The number of Christians who live in the area where their religion began is in decline. Growing numbers of Christians are leaving the lands where their religion began. Their reasons are different; varying sometimes by sect, sometimes by nationality–but the change is unmistakable. A hundred years ago, Christians made up 25 percent of the population in the Middle East. Today, estimates put that number at about six percent and falling. Call it part of a modern mass departure, the steady flight of the tiny Palestinian Christian minority that could lead, some predict, to the faith being virtually extinct in its birthplace within several generations. The protection of Christians in Islamic-majority countries is one of the most delicate problems facing the Church. So question is Vatican’s top foreign policy official are listening about this “particularly unhappy” situation of the decline of Christians in the Middle East?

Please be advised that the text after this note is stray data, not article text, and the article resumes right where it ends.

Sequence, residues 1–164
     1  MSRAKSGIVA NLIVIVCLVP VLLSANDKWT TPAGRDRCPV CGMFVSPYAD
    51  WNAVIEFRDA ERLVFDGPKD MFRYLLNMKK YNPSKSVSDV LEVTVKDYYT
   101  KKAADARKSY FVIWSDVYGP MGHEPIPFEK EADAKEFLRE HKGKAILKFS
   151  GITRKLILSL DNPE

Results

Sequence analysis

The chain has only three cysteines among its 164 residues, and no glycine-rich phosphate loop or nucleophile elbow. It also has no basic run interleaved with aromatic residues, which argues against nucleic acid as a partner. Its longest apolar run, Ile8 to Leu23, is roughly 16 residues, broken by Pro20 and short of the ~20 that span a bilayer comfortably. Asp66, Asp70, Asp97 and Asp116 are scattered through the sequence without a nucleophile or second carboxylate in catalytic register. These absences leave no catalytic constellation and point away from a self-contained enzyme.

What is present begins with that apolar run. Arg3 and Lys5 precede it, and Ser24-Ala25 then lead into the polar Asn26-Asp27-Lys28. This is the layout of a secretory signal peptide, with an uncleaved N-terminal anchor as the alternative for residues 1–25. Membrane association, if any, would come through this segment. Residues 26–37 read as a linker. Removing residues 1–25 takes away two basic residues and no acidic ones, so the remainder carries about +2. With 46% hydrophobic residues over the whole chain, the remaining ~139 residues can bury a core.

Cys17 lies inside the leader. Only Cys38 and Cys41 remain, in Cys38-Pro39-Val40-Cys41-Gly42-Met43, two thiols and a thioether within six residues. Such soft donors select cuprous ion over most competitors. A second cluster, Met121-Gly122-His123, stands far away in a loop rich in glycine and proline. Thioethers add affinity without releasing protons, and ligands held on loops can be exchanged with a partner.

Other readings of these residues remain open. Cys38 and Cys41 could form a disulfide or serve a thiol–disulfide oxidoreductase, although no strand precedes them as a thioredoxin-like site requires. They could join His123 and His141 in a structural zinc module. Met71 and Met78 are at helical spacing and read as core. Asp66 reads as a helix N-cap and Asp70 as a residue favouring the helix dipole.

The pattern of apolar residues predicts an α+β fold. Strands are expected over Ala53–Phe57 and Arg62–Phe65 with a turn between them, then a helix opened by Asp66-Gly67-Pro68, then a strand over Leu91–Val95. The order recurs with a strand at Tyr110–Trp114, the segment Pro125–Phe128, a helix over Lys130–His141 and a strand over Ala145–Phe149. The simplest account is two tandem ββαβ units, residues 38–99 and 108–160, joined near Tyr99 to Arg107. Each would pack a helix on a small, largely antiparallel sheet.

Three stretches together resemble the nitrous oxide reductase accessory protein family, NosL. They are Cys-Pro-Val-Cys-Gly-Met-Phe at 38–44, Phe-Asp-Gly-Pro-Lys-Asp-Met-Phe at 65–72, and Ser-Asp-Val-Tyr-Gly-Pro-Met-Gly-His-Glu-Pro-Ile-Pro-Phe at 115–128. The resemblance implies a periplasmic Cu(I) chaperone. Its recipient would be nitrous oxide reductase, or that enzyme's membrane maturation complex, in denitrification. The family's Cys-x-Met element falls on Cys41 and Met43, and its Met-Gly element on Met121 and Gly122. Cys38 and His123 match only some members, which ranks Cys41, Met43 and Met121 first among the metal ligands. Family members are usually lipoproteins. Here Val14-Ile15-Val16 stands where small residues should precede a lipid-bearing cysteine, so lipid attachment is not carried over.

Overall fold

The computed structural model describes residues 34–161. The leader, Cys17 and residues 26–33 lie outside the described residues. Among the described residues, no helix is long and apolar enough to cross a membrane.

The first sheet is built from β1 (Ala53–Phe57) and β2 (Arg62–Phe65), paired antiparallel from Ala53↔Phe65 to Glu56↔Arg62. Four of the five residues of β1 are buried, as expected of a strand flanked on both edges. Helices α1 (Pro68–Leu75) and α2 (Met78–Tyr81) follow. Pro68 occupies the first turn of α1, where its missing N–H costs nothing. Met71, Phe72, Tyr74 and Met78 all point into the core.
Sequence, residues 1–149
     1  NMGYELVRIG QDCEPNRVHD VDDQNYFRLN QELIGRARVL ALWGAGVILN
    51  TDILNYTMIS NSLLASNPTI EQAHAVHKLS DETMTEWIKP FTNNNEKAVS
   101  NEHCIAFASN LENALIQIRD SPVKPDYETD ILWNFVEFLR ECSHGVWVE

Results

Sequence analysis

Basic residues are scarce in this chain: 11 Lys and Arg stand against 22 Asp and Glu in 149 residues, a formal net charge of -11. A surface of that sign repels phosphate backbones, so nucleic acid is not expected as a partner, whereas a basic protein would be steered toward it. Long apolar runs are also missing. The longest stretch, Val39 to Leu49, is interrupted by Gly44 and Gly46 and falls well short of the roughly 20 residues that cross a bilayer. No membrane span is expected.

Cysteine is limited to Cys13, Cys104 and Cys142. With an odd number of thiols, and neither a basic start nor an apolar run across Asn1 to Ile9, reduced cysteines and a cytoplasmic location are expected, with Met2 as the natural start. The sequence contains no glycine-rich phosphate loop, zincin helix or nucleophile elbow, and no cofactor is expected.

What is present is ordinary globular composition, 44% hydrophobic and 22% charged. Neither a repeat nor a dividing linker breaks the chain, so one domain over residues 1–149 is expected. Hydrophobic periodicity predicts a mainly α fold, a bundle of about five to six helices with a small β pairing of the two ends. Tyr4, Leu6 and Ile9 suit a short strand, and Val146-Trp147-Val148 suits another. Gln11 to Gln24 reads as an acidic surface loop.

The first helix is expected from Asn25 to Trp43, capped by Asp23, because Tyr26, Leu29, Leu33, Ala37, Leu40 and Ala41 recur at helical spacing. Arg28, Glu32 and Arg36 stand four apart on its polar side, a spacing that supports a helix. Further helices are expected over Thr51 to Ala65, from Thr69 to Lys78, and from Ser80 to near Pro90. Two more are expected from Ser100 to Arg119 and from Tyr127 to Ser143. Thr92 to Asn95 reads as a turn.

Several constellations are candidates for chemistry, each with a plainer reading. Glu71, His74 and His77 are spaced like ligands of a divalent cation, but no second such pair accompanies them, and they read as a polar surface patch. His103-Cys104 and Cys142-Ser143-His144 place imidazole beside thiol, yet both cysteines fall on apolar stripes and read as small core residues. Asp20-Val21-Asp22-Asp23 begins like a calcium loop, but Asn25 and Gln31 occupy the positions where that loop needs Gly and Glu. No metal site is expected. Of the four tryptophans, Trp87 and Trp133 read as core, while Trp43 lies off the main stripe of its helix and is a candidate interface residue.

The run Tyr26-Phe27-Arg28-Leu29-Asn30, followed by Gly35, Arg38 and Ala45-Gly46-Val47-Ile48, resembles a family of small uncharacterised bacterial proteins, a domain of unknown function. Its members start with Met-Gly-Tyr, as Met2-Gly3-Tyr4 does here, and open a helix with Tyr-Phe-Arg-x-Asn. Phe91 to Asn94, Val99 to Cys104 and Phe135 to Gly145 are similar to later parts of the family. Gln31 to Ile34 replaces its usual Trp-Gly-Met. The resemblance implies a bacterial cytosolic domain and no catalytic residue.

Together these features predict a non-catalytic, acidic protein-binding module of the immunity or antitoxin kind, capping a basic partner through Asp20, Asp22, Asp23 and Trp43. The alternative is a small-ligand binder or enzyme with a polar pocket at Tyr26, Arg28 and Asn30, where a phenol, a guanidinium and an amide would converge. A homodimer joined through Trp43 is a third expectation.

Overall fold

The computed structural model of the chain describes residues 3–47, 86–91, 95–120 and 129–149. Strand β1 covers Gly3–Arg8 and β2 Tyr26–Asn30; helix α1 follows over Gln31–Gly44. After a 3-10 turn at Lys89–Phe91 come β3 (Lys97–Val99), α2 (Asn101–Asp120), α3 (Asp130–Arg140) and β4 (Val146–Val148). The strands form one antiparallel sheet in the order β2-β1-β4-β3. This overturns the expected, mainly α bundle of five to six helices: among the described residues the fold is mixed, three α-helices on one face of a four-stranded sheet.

BETHLEHEM, West Bank (AP) — The death threat came on simple white fliers blowing down the streets at dawn. A group calling itself “Friends of Muhammad” accused a local Palestinian Christian of selling mobile phones carrying offensive sketches of the Muslim prophet.
While neighbors defended the merchant – saying the charges in the flier were bogus – the frightened phone dealer went into hiding, feeling less than satisfied with authorities’ conclusion that the Oct. 19 note was probably a harmless rant.